Dressed in the red and black clothing traditionally worn at funerals, waving anti-austerity placards and accompanied by drums and bellowing horns, thousands of Ghanaians descended on the Kwame Nkrumah Circle in Accra in mid-January.
These workers marching through the capital and other cities were showing their dismay at recent price hikes and taxes, which have increased the cost of electricity by 59%, water by 67% and fuel by 28%.
Ebenezer Pabi, a warehouse keeper at an import company for 17 years, says prices are making life in the west African country very difficult.
“The government is raising things and the living standard in Ghana is hard. Money is not flowing in the system and it is a problem,” the 39-year-old father of two explains. At the end of last year, inflation in Ghana was running at 17.7%, well above the budget target of 13.7%,
“It is difficult. When my child got sick and we went to the hospital, the bill was high and even the school fees have increased – it is too much. We want the government to see how we, as workers, are suffering.”
The hardships endured by Ghana’s workforce reflect broader difficulties facing the economy as the country heads towards presidential and parliamentary elections in November.
Once an African success story built on gold, oil and cocoa, Ghana leveraged its natural resources to produce strong economic growth in the early years of this century. It met the millennium development goal of halving poverty rates by 2015, and was hailed as a model of political stability after peaceful elections.
Add to this a three-year electricity crisis, rising public spending and debts of 90bn cedis (£16bn) – giving Ghana a debt-to-gross domestic product ratio of more than 70% – and it is clear why one of Africa’s most stable countries is in trouble, and why political leaders are fretting about their future.
The mounting debt levels led the International Monetary Fund to introduce a $918m three-year assistance programme in April. A third payment of $114.6mwas given this month and the IMF said Ghana must rein in spending to reduce debt.
The public’s anger at higher prices has been stoked by a perception that the government is mishandling the economic downturn, and mismanaging public finances. The transport minister was forced to resign in December after it emerged the government spent 3.6m cedis painting pictures of President John Mahama and former leaders on buses.
Mahama’s government, which will go head-to-head with the National Patriotic party in November, has been criticised for lavishly rewarding government officials with houses, cars and fuel in addition to generous salaries.
A 2015 Transparency International study on perceptions of perceptions of corruption in Africa (pdf) ranked Ghana second worst, behind South Africa. In October seven high court judges were suspended amid bribery allegations.
“We are unable to deal with this perception of corruption because of weak leadership,” says Professor Newman Kusi, executive director at Accra’s Institute for Fiscal Studies. “The government needs to sit down and have a proper prioritisation of government spending and put the budget in a long-term framework.”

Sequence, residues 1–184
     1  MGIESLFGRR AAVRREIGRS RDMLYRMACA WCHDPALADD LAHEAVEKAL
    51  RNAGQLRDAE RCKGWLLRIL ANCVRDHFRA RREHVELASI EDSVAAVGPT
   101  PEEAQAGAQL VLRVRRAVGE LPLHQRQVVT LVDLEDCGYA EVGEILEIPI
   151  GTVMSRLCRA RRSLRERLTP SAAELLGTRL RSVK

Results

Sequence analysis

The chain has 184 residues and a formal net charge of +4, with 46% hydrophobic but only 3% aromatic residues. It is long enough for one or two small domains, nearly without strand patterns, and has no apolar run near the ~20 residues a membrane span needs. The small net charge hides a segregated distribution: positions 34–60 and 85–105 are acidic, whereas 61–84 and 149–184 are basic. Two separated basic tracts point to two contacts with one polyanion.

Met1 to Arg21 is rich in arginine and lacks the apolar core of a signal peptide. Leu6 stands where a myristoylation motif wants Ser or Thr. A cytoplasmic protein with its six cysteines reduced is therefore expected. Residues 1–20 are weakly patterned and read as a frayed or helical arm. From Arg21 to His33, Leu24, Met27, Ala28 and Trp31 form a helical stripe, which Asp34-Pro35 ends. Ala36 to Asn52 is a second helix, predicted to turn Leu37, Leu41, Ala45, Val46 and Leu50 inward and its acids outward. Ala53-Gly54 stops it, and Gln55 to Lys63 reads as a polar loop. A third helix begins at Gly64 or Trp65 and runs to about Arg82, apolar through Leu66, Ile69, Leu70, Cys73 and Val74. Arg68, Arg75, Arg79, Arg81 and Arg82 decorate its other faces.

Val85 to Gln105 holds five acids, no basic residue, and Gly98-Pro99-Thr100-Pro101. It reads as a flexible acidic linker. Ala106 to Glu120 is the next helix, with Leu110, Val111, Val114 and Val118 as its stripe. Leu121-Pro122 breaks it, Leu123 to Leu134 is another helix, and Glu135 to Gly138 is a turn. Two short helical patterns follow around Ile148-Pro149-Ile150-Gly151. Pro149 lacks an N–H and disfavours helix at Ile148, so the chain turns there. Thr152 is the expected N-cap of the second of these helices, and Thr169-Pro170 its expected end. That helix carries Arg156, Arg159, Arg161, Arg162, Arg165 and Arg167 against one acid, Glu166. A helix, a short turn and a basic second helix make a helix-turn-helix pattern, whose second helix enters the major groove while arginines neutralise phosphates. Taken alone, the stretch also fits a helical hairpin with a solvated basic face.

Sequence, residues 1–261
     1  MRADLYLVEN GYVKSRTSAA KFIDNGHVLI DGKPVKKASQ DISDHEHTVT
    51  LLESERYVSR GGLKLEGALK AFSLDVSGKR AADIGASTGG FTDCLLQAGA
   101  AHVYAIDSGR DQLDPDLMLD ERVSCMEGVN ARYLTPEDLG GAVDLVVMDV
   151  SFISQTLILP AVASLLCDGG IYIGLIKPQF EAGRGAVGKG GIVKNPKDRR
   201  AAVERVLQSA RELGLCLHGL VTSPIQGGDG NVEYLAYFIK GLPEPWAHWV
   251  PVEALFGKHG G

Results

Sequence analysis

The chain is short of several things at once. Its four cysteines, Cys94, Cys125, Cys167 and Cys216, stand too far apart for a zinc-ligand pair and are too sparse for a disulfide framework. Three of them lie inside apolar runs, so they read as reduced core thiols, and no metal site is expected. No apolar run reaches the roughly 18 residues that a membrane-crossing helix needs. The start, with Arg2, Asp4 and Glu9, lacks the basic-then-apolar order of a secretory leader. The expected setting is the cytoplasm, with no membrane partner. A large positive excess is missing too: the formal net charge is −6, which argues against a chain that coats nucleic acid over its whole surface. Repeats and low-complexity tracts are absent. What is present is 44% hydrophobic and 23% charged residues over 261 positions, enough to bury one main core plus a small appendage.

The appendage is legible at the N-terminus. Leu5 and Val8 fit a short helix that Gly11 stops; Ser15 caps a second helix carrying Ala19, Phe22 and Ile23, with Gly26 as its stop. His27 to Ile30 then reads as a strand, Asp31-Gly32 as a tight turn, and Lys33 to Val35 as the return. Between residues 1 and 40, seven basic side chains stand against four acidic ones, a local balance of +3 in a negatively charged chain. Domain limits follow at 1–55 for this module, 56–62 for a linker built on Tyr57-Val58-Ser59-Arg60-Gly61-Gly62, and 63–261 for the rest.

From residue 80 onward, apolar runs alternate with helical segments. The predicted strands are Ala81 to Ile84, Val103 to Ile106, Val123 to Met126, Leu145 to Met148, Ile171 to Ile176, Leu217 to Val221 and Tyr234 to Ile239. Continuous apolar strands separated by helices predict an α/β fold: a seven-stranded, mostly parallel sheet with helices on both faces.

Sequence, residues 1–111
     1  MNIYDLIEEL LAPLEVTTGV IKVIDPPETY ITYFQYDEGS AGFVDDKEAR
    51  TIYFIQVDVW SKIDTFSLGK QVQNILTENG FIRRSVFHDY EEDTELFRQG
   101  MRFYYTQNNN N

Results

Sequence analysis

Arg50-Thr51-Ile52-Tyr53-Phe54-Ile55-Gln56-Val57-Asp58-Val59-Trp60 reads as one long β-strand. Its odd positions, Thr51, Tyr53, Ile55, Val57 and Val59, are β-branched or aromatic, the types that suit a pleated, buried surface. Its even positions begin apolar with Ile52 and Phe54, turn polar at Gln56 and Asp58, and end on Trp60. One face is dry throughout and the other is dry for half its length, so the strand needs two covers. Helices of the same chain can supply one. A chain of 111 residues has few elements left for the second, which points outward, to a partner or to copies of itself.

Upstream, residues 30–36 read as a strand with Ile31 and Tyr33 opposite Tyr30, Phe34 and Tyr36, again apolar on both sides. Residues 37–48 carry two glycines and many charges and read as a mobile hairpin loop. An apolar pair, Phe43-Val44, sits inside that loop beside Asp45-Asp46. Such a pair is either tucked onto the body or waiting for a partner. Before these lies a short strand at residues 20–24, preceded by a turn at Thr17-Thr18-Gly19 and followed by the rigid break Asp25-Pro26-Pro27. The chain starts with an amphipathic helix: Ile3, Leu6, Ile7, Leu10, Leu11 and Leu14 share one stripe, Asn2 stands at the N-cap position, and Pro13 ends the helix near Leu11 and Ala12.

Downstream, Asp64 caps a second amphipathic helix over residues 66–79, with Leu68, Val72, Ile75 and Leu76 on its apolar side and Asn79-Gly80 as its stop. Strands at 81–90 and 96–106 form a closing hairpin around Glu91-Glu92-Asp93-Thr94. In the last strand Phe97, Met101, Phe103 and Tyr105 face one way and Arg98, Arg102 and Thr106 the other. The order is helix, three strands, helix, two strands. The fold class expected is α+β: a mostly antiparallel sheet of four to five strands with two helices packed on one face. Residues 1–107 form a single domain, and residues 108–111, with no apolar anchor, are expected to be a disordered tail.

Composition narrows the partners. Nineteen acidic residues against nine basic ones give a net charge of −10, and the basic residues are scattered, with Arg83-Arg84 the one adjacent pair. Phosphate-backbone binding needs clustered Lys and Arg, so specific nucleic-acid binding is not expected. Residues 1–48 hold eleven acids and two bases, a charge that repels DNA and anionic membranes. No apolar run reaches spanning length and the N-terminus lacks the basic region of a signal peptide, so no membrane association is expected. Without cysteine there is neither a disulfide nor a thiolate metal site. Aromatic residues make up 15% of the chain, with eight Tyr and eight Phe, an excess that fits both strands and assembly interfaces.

The fuel price rise in this oil-producing country, at a time of declining global prices, also infuriated the public – and this anger could translate into lost votes for the ruling National Democratic Congress (NDC) party in November.
“Ghanaian governments have played politics with fuel prices in this country … even though the fuel price is going down, the truth is that the government is indebted to a whole range of organisations,” says Kusi.
“The debt burden has gone beyond our level and we are not surprised that the cedi is on a rundown.”
The cedi lost 18.75% in value against the dollar in 2015 and its decline, along with the introduction of a capital gains tax on all listed securities on the Ghana stock exchange, has seen foreign investor interest wane.
“It has affected business,” says Geoffrey Maison, analyst at investment bank Cal Brokers in Accra. “A lot of foreign investors pulled out of the stock market and a lot of people are now moving toward government of Ghana securities and away from the stock market. With revenues going down, we expect the government will come back to the market to borrow. If they are borrowing like they borrowed last year, we can expect interest rate levels to go up [and] inflation will be affected.”
That is unlikely to bolster the ruling party’s chances at the polls. Mahama is seeking re-election but he will not be able to hike public spending to smooth voter concerns because of the IMF programme.
A priority will be addressing the nationwide power cuts. The arrival of a power barge from Turkey in Novemberwas meant to help but the blackouts persist and have hampered productivity.
“A lot of our problems come from the power crisis,” Maison says. “A lot of people bought generators, fuel prices went up and some companies have had to shut down. It has affected us a lot. If [power] is more stable, we can have a lot more industries thriving … we can’t be dependent on our resources forever.”
As Mahama grapples with the multiple strands of the economic downturn, he will be aware that the demonstrators at Kwame Nkrumah Circle are the ones feeling the most pain – and the ones who will vote in 10 months’ time.
“We are drumming home our concerns generally,” says Kofi Asamoah, secretary general of the Trade Union Congress, “to let the public and government know how serious we are.”